To learn about research materials at the University of Hawai'i at Manoa libraries, visit 'Ite 'Upa'upa: Resources in Tahitian Performance. This exhibit is located in the Hamilton Library Phase II Gallery, adjacent to the main elevators on the first floor, and features research treasures from the Pacific Collection and the Wong Audiovisual Center.

Please visit ArtMania, in the UHM Art Department on Sunday, April 5, for Tahitian performance and craft demonstrations. Witness music and dance exhibitions, tō'ereand skin drum construction demonstrations, and try your own hand at Tahitian crafts.

Upcoming Tahitian events on O'ahu include:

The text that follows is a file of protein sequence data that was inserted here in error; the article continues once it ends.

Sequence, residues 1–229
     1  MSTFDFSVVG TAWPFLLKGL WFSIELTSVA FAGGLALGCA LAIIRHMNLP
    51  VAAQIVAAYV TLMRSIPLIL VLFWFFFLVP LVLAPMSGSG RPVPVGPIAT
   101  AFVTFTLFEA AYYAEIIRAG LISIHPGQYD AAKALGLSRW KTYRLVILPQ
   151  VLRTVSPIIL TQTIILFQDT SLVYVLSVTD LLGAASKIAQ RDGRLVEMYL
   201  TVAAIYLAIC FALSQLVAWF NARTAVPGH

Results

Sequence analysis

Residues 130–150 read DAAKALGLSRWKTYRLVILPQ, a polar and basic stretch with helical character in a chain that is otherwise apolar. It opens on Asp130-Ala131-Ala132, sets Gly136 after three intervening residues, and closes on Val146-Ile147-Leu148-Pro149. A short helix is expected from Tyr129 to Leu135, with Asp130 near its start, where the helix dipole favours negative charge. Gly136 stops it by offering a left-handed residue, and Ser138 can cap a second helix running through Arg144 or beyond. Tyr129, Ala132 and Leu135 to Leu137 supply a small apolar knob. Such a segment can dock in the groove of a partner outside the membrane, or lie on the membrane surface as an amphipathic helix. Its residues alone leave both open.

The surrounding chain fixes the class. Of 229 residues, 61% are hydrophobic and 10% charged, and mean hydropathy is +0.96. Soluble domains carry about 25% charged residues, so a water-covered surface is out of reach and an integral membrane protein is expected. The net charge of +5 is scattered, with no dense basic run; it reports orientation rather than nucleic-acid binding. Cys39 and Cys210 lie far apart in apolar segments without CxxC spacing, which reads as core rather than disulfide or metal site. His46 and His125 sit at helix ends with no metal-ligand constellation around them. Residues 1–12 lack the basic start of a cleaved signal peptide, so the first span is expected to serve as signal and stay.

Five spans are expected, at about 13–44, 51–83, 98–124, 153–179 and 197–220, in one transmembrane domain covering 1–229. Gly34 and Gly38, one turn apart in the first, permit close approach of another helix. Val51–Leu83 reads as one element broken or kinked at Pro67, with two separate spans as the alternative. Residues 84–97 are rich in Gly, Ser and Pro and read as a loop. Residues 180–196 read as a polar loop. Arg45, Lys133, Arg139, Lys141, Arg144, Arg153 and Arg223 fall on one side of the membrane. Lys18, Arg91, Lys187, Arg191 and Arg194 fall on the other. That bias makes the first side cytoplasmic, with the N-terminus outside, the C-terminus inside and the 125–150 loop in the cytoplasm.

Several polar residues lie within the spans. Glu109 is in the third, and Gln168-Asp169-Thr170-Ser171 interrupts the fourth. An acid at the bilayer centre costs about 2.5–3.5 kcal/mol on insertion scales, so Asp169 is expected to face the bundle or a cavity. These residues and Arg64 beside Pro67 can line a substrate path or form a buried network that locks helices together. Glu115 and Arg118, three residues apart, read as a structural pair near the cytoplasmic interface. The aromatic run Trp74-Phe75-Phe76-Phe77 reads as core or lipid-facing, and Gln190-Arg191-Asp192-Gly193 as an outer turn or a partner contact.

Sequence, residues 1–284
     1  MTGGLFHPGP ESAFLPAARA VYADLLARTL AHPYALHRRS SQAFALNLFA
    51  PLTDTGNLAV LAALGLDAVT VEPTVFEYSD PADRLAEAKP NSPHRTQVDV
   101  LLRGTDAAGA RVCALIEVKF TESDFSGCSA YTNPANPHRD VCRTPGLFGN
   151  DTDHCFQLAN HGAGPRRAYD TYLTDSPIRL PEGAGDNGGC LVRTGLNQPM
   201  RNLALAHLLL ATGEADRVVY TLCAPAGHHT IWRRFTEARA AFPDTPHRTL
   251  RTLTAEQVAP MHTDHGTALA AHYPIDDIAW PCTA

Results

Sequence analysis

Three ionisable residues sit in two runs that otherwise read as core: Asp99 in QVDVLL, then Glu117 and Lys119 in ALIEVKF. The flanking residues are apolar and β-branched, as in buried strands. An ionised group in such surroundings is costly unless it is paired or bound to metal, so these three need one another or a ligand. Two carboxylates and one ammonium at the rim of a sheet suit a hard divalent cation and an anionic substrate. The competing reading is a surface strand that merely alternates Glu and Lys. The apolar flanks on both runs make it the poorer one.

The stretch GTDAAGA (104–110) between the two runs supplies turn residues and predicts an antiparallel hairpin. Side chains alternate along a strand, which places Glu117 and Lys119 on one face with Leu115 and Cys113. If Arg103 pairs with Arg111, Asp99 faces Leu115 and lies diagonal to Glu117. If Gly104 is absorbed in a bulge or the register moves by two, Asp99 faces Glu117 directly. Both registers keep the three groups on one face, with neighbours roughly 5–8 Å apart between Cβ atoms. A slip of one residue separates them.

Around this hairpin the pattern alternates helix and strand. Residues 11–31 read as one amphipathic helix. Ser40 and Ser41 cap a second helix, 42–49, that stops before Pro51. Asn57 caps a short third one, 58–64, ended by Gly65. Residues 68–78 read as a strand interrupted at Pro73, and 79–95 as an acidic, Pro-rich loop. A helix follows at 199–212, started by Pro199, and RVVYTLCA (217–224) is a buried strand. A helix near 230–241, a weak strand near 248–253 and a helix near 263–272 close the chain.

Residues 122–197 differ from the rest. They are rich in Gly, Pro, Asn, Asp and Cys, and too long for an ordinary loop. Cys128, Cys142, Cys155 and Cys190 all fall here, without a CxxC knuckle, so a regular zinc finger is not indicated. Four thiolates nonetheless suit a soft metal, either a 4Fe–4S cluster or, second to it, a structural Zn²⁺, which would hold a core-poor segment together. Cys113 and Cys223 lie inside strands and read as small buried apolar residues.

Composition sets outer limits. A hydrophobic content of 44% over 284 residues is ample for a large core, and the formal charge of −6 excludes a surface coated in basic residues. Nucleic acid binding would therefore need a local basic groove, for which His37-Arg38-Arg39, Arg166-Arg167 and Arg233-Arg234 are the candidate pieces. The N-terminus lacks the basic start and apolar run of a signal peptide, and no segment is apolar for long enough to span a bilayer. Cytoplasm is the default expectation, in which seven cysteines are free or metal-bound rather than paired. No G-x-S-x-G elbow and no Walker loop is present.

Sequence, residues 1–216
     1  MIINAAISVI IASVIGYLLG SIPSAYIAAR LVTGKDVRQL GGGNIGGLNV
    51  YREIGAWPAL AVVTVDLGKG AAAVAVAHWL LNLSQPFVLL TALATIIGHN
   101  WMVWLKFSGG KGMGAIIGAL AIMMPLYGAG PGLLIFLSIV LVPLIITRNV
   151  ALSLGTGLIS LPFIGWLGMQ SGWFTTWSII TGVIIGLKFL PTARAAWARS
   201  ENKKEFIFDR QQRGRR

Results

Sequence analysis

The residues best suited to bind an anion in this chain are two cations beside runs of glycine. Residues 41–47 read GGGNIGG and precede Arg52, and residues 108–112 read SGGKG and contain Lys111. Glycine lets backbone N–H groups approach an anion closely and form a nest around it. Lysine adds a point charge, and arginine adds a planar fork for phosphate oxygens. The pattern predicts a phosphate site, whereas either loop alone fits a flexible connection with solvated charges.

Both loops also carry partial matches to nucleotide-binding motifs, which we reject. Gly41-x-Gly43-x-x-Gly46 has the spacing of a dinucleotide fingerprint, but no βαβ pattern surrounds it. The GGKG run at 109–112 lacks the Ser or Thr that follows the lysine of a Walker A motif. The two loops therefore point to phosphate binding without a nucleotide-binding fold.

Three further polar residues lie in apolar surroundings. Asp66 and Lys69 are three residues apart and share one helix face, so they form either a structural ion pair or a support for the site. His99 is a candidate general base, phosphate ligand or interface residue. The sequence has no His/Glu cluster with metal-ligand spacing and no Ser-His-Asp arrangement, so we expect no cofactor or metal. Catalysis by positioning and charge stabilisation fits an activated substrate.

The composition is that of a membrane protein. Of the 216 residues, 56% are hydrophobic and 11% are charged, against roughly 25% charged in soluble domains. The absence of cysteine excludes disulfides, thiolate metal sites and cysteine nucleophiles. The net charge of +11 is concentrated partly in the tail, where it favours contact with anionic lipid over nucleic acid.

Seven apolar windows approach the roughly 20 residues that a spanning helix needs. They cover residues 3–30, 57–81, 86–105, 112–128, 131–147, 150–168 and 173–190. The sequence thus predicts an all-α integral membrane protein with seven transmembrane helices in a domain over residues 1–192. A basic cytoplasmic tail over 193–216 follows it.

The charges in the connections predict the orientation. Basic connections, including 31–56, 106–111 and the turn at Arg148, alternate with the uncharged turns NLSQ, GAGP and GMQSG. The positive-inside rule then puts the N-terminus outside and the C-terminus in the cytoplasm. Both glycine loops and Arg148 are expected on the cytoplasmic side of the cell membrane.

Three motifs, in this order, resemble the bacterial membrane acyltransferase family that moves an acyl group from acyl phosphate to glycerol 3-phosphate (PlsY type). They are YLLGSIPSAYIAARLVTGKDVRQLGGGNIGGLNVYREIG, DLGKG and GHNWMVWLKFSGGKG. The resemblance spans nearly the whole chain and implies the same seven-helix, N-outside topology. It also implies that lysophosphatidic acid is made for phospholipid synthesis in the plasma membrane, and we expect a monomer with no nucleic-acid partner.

Heiva i Honolulu: Waikiki Shell, March 12-14
Manutahi Solo Competition: Waimea Valley, April 18-19

Many of the items shown in Tau Rima Tahiti are available for purchase. Please contact these local craftspeople if you are interested in their work. You can also visit many of these and other craftspeople at the festivals above.
KBS Instruments, skin drums & vivo
Mafatu Krainer (Tahitian Instruments), to'ere, drums, carving
Tahia Parker, jewelry & costumes
Denise Ramento, jewelry & clothing
Etua Tahauri (Polynesian Cultural Supply), tō'ere, Hawaiian pahu
Tyrone Temanaha, Jr., tō'ere, carving, tattoo design
Gerard Tepehu, tō'ere, skin drums, carving

Acknowledgements
All of the exhibit items in Tau Rima Tahiti have been very generously loaned by ra'atira and instrument makers on O'ahu. I am deeply grateful to the numerous specialists who shared their time and knowledge with me, provided Tahitian language assistance, and for generously loaning their treasures for this exhibition:

Maeva Anderson, ra'atira (Oriata)